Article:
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Lent and Fasting with Kids


Lent 2020 starts on February 26th and I've read a few really great articles about the meaning of Lent and whether or not Protestants participate in the Lent tradition. So I'm posting the links here because why repeat what has been beautifully said?!


Your Ultimate Guide To Celebrating Lent…No Matter What Christian Tradition You’re From

by Christie Thomas

Christie breaks down some of the myths about Lent and explains it in a really easy to understand way.


Lent and Love

by Rachel Schelb

Rachel writes about the background of Lent and discusses why we fast and how Lent can be used as a time to reevaluate our hearts so we can love Jesus and others around us better.


So you've decided you want to celebrate Lent...now how do you do that with kids?


Be Careful of the Fast


When it comes to kids, be careful how you fast. I'm no pediatrician, but it's definitely not a good idea to withhold food from a child. Additionally, kids typically don't have the capacity to understand the spiritual discipline of a traditional fast from food. I'm not personally a fan of fasting from treats or desserts because I don't want my kids to start thinking of anything as "forbidden" at such a young age. Use your judgement on when you want to start that with your kids, you're the parent in your house!


If you want to fast, try fasting from something specific. Examples include:

  • TV shows

  • iPads

  • Shopping

  • Desserts, if you're comfortable with that


Come up with something together and kids will be more on board. You can keep each other accountable and talk about it daily during Lent.


Don't be afraid to mix it up...40 days is a long time for kids to commit to giving something up. You don't want to make it a miserable experience for anyone. And honestly, 40 days with no screen time is A LONG TIME during flu season, am I right?! So maybe give up TV for a week. iPads another week. Shopping another week. God doesn't expect perfection from us, He just wants our hearts.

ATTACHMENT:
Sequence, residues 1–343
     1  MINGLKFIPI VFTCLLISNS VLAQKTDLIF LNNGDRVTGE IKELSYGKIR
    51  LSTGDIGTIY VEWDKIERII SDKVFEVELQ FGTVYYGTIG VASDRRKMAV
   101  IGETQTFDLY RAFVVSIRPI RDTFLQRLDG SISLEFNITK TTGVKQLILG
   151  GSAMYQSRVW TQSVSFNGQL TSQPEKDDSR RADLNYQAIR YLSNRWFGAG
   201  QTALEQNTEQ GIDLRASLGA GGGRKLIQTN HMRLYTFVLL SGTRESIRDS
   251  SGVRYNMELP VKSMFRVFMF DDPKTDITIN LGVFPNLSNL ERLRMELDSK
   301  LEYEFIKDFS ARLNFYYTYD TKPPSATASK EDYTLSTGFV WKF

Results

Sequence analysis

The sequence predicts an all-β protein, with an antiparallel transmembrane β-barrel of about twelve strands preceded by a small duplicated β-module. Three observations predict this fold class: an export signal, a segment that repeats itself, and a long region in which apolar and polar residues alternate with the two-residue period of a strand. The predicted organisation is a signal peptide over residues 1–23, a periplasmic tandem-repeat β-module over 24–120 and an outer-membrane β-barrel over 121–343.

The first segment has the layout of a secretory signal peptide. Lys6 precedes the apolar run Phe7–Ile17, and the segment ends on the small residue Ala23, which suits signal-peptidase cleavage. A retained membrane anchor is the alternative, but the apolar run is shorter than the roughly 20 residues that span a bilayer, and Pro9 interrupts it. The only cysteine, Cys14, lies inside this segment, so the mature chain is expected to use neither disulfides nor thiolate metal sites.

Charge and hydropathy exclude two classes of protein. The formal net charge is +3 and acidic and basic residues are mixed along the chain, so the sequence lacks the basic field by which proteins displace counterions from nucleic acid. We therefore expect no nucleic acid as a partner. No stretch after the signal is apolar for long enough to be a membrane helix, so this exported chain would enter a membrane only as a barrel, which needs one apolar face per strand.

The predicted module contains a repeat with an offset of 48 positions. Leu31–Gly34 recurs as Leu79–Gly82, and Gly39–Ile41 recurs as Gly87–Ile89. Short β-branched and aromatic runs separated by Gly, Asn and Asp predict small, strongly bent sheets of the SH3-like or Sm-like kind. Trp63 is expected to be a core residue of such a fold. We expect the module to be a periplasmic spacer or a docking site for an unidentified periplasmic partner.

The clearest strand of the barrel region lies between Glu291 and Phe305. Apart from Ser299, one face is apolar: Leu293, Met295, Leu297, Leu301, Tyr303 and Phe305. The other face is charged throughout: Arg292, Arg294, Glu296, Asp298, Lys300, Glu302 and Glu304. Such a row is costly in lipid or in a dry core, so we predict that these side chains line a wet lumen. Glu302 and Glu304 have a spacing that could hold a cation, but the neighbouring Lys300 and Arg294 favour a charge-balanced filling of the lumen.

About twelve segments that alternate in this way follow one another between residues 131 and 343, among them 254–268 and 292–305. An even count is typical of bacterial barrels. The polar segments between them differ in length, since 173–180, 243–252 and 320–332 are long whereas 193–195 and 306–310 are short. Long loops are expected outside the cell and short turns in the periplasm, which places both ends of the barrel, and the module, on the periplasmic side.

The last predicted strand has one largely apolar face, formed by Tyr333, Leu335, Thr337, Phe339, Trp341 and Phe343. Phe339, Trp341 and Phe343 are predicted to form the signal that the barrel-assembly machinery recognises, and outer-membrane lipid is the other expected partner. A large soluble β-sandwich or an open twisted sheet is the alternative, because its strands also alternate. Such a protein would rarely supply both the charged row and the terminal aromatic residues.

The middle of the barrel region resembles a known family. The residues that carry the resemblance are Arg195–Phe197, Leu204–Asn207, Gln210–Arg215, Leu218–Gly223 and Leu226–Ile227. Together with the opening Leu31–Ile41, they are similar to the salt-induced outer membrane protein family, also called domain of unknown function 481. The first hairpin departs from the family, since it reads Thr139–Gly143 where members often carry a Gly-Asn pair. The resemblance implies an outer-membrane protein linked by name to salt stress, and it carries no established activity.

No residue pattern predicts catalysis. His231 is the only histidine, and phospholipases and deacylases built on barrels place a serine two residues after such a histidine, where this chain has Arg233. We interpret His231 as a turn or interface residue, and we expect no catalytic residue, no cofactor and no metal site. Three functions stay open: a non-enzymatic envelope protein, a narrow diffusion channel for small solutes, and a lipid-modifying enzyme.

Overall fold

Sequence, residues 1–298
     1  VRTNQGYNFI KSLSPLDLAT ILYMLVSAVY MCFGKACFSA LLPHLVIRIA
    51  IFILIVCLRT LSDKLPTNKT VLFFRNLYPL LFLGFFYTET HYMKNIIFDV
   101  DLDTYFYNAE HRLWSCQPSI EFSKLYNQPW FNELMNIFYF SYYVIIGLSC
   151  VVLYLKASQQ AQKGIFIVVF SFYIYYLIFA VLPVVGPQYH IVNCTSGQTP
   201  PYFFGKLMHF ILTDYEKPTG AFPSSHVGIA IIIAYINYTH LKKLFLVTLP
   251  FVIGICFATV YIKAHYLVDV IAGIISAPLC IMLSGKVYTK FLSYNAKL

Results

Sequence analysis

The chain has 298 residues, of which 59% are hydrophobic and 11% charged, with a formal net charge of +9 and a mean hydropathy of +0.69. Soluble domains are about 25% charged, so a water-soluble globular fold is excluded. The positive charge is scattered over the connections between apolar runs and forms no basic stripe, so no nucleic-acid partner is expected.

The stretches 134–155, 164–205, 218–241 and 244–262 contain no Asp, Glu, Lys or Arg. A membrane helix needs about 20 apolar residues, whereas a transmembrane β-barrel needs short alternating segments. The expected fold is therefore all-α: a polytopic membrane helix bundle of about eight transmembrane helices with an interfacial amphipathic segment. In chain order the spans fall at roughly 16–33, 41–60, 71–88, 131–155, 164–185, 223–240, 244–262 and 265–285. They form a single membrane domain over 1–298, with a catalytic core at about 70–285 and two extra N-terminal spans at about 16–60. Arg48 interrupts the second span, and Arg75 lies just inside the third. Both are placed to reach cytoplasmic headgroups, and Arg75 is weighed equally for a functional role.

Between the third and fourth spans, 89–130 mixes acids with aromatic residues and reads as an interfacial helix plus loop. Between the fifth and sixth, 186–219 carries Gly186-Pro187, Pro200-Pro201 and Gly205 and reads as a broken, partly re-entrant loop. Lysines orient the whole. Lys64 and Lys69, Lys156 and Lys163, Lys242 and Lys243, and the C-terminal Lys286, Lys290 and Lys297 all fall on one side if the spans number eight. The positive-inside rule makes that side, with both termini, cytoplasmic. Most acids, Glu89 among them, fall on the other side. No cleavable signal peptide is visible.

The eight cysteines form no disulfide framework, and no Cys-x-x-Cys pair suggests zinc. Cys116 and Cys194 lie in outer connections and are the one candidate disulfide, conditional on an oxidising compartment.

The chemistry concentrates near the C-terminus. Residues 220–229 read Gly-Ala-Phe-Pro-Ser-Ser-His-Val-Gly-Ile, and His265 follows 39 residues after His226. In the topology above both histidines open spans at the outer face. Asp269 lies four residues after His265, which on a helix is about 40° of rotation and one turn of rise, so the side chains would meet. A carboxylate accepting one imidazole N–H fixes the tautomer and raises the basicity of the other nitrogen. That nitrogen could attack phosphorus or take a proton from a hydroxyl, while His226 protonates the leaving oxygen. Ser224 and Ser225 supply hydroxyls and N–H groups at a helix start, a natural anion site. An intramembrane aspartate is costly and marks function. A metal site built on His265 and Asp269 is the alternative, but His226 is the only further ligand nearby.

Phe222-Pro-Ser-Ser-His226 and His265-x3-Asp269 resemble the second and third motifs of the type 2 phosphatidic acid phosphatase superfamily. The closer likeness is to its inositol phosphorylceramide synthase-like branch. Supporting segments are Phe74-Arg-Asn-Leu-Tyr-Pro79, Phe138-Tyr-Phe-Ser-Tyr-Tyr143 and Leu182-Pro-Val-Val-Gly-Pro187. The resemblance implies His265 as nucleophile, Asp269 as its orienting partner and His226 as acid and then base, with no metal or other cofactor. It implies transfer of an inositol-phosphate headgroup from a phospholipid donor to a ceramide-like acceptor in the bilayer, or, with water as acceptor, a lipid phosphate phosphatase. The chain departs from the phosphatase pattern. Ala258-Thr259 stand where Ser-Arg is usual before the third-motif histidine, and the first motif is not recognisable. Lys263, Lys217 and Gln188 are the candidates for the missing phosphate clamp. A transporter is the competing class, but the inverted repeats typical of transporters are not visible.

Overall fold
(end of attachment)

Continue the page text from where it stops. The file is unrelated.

Side note on fasting for adults:

Check your heart when you decide what to fast on. Make sure you are fasting from something because the discipline of it will help you to focus on God's provision. It's okay for adults to fast from specific foods like sugar or dairy, or to fast for a specific amount of time, but be mindful that you are doing it for your faith, not your weight, image, or self-esteem. When it comes to acts of kindness or even giving up something more materialistic, make sure you are not doing it for accolades. Just check your heart before you commit to something. I'm personally guilty of this, I know I can't be alone!


Acts of Kindness


Another way of celebrating Lent with kids is by participating in acts of kindness every day during Lent as a way of "sacrificing self." Get your family together and brainstorm different people you can show some love to during this season. Examples include:

  • Shoveling a neighbor's driveway

  • Babysitting some kids so parents can go on a date night

  • Baking cookies to bring to neighbors

  • Bringing flowers to someone who is sick

  • Writing encouraging notes or cards to someone God puts on your heart


Christie Thomas also shares this super fun activity if you are going to try the 40 acts of kindness. Basically every time your kids do something kind, you put a bean or a rock in a jar. On Easter morning the beans turn into jelly beans!


To Help you Keep Track


We made this handy printable as a way to keep track of your fast or your acts of kindness. Every day has a space for you to write what you did or gave up, how it made you feel, and a short prayer. Intentionally talking with your kids about how they feel throughout the experience will help them buy into the idea and take some ownership of it. It's also a great way to reflect on how God moved through the experience of Lent.




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